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Sat June 13, 2015

Academic Foul: Some Colleges Accused Of Helping Athletes Cheat

Originally published on Sat June 13, 2015 6:21 pm

The University of North Carolina at Chapel Hill faces charges of NCAA violations including the existence of sham classes and grade inflation for student-athletes.
Gerry Broome AP

Some college athletes are cheating, and the NCAA is cracking down on universities that enable them to do it. Earlier this year, the NCAA came down hard on Syracuse University for academic fraud.

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Tue June 9, 2015
Michel Martin, Going There

The #BlackLivesMatter Movement: Marches And Tweets For Healing

Originally published on Sat July 11, 2015 1:09 am

Desiree Griffiths of Miami holds up a sign reading "Black Lives Matter" during a protest over the deaths of Michael Brown and Eric Garner.
Lynne Sladky AP

In 2013, after George Zimmerman was acquitted for killing 17-year-old Trayvon Martin, a young woman in California named Alicia Garza wrote an emotional Facebook post that ended with the words "Our Lives Matter, Black Lives Matter." Her friend, Patrisse Cullors, turned that into a hashtag.

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Mon June 8, 2015
Music News

Amid Violence In Baghdad, A Musician Creates A One-Man Vigil

Originally published on Mon June 15, 2015 5:11 pm

Karim Wasfi, conductor of the Iraqi National Symphony Orchestra, at his home in Baghdad, has been playing his cello at the sites of explosive attacks in Baghdad.
Ahmed Qusay for NPR

The roar of a car bomb has been the prelude to Karim Wasfi's performances of late.

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Sun June 7, 2015
Author Interviews

In Debut Novel, Air Force Officer Questions How We Honor Our Veterans

Originally published on Sun June 7, 2015 6:21 pm

Lydia Thompson NPR

Why do we honor combat veterans? In his new novel, Air Force officer Jesse Goolsby asks that question through the stories of three veterans, their experiences in war and their lives back at home.

I'd Walk with My Friends If I Could Find Them is grounded in the wars of the last 15 years, but Goolsby points out the action takes place as much in the private lives the men lead in America as it does on the battlefield.

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Sun June 7, 2015
All Tech Considered

What Makes Algorithms Go Awry?

Originally published on Wed June 10, 2015 2:23 pm

By clicking "Like" and commenting on Facebook posts, users signal the social network's algorithm that they care about something. That in turn helps influence what they see later. Algorithms like that happen all over the web — and the programs can reflect human biases.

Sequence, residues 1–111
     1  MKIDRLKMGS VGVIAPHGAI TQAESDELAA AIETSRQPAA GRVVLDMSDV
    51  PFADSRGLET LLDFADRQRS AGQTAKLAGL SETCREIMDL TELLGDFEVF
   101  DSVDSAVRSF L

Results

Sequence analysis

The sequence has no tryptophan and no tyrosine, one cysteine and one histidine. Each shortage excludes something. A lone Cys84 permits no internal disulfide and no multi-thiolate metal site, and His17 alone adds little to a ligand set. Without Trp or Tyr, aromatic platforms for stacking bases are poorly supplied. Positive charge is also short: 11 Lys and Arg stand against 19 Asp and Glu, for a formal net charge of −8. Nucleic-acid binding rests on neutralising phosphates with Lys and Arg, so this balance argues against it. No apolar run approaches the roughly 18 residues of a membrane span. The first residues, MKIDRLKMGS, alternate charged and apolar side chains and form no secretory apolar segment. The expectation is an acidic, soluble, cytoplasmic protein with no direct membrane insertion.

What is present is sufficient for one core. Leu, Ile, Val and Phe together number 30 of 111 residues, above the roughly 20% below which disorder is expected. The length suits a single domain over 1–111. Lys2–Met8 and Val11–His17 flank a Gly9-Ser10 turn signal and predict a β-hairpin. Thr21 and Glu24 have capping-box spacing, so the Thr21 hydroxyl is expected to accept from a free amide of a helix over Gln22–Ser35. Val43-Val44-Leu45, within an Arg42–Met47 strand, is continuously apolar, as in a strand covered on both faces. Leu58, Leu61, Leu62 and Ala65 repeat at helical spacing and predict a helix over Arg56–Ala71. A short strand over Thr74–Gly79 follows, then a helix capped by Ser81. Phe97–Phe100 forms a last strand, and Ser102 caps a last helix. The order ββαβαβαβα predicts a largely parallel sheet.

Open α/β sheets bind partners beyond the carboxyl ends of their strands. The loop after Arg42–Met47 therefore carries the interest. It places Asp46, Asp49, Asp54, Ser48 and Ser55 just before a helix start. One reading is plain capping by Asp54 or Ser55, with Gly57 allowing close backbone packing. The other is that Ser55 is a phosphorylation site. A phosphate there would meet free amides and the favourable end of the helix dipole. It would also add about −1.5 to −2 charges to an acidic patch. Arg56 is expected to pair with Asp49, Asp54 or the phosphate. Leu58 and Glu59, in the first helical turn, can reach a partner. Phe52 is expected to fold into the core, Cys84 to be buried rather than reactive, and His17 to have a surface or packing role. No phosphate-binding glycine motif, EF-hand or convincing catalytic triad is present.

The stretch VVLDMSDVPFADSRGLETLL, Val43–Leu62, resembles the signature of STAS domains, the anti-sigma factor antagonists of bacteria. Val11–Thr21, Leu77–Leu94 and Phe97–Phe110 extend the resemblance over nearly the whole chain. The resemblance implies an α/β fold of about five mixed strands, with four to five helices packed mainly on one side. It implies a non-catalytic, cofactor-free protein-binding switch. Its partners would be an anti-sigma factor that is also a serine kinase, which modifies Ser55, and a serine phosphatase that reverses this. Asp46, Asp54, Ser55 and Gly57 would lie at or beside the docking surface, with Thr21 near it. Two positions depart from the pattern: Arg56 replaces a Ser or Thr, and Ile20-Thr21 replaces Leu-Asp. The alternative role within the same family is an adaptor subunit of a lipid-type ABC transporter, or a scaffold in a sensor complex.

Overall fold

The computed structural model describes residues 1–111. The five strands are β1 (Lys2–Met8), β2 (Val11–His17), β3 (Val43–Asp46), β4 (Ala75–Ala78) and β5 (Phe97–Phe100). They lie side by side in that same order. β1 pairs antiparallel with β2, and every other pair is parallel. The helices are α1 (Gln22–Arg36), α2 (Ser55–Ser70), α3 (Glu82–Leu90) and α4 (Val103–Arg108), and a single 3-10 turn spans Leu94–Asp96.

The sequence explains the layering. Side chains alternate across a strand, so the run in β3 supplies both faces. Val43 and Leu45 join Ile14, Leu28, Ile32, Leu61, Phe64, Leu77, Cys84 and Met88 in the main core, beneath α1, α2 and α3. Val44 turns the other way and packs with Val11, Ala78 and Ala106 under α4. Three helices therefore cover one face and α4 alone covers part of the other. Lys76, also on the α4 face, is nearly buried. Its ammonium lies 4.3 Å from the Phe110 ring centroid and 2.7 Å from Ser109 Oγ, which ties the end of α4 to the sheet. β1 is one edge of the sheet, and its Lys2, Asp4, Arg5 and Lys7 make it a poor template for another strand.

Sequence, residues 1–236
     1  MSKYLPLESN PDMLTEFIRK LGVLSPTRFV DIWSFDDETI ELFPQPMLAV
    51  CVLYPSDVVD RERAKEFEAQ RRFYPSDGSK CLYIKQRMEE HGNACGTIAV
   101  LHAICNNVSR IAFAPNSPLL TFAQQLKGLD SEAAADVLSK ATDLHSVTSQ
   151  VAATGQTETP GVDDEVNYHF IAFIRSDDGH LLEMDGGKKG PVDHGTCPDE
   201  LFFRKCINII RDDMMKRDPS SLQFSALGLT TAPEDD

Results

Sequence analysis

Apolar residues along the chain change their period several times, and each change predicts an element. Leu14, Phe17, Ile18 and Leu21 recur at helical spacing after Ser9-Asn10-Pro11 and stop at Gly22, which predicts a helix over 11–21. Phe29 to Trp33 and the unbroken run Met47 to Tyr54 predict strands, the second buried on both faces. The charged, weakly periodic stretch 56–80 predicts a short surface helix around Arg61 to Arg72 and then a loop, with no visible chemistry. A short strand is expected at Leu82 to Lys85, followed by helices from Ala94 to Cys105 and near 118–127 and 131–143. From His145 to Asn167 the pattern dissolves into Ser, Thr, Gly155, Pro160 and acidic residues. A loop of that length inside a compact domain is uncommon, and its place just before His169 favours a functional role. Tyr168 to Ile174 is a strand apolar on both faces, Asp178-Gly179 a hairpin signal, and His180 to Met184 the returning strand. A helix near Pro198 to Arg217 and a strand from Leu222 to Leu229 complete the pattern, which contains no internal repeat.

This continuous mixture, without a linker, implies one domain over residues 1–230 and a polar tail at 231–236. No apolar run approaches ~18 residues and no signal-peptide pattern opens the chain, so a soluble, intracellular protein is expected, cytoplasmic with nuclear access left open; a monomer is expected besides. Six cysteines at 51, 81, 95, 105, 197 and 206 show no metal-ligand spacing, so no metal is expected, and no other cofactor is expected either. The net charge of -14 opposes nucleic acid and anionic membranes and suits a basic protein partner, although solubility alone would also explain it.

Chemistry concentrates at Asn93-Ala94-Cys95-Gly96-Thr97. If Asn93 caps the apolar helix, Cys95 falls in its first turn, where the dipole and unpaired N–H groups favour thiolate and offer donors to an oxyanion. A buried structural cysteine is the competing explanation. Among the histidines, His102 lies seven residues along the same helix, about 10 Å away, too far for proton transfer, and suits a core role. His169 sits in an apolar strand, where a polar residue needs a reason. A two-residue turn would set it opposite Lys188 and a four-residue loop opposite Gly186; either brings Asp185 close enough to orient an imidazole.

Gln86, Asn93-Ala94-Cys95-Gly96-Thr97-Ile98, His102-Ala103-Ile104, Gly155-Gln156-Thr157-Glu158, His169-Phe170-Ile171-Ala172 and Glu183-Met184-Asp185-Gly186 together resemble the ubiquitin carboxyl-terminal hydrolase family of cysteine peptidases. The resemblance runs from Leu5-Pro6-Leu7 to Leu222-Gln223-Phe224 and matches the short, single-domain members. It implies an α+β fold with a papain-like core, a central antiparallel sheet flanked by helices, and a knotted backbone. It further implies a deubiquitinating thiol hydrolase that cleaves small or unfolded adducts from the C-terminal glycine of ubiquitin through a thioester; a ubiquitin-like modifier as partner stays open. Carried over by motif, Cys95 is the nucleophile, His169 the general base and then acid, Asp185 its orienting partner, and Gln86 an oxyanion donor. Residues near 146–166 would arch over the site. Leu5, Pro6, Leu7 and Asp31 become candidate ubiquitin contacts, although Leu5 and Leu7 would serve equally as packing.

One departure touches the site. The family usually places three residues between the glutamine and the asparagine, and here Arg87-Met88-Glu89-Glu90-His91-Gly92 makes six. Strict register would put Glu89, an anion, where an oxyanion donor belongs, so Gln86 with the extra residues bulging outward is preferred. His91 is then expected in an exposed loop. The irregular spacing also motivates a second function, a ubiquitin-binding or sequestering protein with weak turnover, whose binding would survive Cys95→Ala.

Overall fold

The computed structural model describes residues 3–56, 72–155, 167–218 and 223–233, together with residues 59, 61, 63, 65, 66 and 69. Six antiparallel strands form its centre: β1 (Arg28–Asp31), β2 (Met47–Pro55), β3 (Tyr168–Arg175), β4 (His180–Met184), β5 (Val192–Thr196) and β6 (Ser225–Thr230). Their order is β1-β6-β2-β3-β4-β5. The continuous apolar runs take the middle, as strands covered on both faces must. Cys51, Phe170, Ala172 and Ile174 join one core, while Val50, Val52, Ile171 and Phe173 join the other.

Like it or not, much of what we encounter online is mediated by computer-run algorithms — complex formulas that help determine our Facebook feeds, Netflix recommendations, Spotify playlists or Google ads.

But algorithms, like humans, can make mistakes. Last month, users found the photo-sharing site Flickr's new image-recognition technology was labeling dark-skinned people as "apes" and auto-tagging photos of Nazi concentration camps as "jungle gym" and "sport."

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Fri June 5, 2015
Code Switch

Former Baltimore Mayor: City Must Confront The 'Rot Beneath The Glitter'

Originally published on Fri June 5, 2015 7:58 am

Kurt Schmoke, former mayor of Baltimore, is now the president of the University of Baltimore.
Courtesy of the University of Baltimore

It's the end of a tough week in Baltimore. Tensions continue in the Freddie Gray case. And now the murder rate has spiked to a 40-year high. One man who understands well what the city is going through is Kurt Schmoke. He's a native son and was elected as Baltimore's first black mayor in 1987. He served three terms, grappling with high unemployment, poor schools and violent crime.

Now the president of the University of Baltimore, Schmoke shares his memories of the city and his thoughts about moving it forward with Morning Edition.

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Thu June 4, 2015
Music Interviews

Telling Brian Wilson's Fractured Life Story On Film

Originally published on Thu June 4, 2015 8:50 pm

Paul Dano (center) co-stars in Love & Mercy as Brian Wilson in the 1960s heyday of The Beach Boys.
Francois Duhamel Roadside Attractions


Wed June 3, 2015
National Security

Gen. Martin Dempsey On Iraq: A Fight That Will Take 'Multiple Years'

Originally published on Thu June 4, 2015 12:42 am

Joint Chiefs Chairman Gen. Martin Dempsey speaks during the graduation ceremony at the U.S. Military Academy at West Point, N.Y., on May 23. In an interview with NPR, he says he's not surprised by the slow going against the Islamic State, predicting it will be a "long campaign."
Mike Groll AP